Managing introverts in a world that is geared toward valuing and celebrating the extroverts among us, can be a challenge.
In a previous blog post, Understanding the Introvert in the Extrovert’s World, you read about the characteristics of the introvert and extrovert based on the Myers-Briggs Type Indicator. I mentioned that this is an assessment tool used by many companies to discover employee preferences when dealing with the world.
Study results indicate that between one-third to one-half of our population falls into the introvert classification. Chances are very high that you have a few on your team. We often overlook these individuals, seeing them as “the quiet ones”. We run the risk of discounting their input, seeing them as potentially disinterested, or ignoring them completely.
Some ideas for how this personality type is best managed and how to take advantage of the valuable skill set they bring to the corporate problem-solving and creative process table appear below.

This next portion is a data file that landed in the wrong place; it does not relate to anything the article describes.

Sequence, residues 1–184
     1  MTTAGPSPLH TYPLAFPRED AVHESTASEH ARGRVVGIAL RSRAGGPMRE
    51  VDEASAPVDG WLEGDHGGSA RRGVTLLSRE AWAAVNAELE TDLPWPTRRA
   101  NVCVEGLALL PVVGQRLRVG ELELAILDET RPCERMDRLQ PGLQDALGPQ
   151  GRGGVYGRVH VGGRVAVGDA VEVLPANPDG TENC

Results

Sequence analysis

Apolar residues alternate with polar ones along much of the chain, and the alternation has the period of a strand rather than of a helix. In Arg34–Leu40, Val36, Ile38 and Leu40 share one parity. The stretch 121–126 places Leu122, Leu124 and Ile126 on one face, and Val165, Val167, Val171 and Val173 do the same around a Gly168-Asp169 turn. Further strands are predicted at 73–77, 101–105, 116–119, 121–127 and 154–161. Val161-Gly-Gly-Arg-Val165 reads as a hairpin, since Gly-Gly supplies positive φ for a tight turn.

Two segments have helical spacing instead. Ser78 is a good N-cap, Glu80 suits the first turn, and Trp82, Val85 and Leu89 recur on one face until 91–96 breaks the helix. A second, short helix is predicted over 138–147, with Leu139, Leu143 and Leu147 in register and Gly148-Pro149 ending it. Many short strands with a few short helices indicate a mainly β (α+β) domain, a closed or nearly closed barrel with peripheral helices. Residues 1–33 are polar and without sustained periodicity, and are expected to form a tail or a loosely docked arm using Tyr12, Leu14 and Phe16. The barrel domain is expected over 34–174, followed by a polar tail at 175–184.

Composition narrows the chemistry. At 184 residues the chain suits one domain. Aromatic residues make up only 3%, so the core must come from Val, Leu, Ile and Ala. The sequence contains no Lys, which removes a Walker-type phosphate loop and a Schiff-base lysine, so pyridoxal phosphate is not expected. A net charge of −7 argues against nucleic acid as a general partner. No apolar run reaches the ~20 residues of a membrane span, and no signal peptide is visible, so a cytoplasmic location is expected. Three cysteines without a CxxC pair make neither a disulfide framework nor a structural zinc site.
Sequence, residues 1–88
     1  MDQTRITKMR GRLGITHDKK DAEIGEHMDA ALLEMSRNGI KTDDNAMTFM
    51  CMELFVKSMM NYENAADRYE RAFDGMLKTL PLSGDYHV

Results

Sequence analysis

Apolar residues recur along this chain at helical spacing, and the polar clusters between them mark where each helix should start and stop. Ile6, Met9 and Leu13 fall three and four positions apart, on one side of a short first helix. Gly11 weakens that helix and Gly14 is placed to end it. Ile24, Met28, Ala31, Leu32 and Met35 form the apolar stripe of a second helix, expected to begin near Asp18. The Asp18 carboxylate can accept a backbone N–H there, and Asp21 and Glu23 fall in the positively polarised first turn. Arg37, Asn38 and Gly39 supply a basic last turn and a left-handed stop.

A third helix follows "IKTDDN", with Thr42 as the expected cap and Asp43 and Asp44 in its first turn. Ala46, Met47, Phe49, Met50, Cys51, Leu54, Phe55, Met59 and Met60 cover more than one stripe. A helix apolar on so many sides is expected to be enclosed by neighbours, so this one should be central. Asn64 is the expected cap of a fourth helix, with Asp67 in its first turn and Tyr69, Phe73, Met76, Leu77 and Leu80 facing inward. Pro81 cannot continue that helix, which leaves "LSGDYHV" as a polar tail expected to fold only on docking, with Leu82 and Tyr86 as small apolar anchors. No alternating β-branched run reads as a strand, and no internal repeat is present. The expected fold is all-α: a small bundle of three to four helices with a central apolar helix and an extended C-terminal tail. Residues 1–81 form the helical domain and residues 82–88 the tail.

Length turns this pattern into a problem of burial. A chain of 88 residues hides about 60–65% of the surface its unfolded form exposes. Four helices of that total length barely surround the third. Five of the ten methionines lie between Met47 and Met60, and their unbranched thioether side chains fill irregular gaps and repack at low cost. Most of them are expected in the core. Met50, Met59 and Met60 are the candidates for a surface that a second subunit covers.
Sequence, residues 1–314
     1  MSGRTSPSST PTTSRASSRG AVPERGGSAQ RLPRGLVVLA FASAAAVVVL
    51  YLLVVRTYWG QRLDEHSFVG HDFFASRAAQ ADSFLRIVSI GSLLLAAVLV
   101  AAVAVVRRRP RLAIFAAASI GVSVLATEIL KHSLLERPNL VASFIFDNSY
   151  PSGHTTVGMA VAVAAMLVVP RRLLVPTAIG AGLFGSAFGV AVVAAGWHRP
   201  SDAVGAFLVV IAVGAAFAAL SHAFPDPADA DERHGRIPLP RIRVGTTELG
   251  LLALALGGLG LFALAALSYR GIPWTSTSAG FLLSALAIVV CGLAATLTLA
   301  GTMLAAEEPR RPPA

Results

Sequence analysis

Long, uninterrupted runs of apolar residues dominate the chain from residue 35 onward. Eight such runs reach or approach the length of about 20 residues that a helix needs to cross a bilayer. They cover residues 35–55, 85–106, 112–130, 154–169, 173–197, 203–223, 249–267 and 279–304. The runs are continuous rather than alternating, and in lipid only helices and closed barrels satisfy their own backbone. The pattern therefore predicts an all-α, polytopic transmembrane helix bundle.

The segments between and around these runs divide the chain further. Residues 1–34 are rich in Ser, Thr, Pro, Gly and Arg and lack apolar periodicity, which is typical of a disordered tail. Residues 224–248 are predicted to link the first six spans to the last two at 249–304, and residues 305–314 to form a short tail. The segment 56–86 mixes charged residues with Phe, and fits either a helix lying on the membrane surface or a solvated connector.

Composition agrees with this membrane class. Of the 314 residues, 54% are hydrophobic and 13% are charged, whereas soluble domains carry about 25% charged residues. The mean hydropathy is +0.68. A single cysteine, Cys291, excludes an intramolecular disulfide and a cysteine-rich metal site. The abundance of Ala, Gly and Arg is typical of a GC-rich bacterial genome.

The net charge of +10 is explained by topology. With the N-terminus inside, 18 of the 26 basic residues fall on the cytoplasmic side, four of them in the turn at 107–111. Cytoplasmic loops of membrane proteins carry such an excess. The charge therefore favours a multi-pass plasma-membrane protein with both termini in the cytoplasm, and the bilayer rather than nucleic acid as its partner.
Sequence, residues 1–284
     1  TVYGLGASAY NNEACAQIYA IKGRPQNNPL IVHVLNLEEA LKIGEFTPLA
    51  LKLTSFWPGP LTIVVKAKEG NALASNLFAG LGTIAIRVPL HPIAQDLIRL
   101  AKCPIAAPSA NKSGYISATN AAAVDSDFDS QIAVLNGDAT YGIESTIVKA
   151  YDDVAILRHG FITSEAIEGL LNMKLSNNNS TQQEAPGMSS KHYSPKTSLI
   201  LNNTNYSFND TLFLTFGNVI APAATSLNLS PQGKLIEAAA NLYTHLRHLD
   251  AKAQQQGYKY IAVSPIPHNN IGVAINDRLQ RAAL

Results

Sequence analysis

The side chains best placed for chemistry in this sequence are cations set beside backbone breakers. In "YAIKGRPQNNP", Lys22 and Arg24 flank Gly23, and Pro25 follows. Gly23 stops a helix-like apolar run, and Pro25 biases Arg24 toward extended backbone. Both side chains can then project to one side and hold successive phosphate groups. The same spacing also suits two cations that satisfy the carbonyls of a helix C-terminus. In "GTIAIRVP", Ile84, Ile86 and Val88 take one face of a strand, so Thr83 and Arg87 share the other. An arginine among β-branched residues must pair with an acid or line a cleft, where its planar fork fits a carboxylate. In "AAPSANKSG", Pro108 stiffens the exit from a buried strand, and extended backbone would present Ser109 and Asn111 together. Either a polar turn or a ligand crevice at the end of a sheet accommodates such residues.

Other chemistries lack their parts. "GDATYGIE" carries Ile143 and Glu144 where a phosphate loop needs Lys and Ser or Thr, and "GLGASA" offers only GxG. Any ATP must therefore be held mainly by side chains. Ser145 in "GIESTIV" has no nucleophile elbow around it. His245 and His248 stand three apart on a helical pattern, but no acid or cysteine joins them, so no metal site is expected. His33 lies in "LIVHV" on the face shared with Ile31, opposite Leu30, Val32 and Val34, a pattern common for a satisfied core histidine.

[tweetthis]Remember: Introverts go within to recharge their energy reserves. [/tweetthis].
With this in mind, here are some of the best practices for working with the introverts on your team:
- Give introverts time to think and respond. Send meeting agendas in advance so the introvert has time to prepare their thoughts. Introverts generally dislike being called on the spot.
- Create opportunities for the introvert to share their thoughts in writing. After sharing meeting agendas in advance, call for ideas to be emailed to you prior to the meeting, for those wishing to do so.
- Create work spaces for tasks best performed in isolation. In the open floor plan design, adopted by many organizations a few years ago, it was thought that this type of space would encourage communication and idea flow. For the extrovert, it does. But, for the introvert, who values quiet space in which to think and organize, this arrangement can be taxing. Quiet work spaces give the introvert the environment they crave.
- Send energy the introvert’s way. You can best do this by respecting his way of processing and working.
The challenge of managing the introvert and extrovert personality types in our work groups doesn’t have to be difficult. Recognizing and celebrating the differences can go a long way toward better problem-resolution, customer service, and innovation in our corporations.
How do you manage the introverts in your company?
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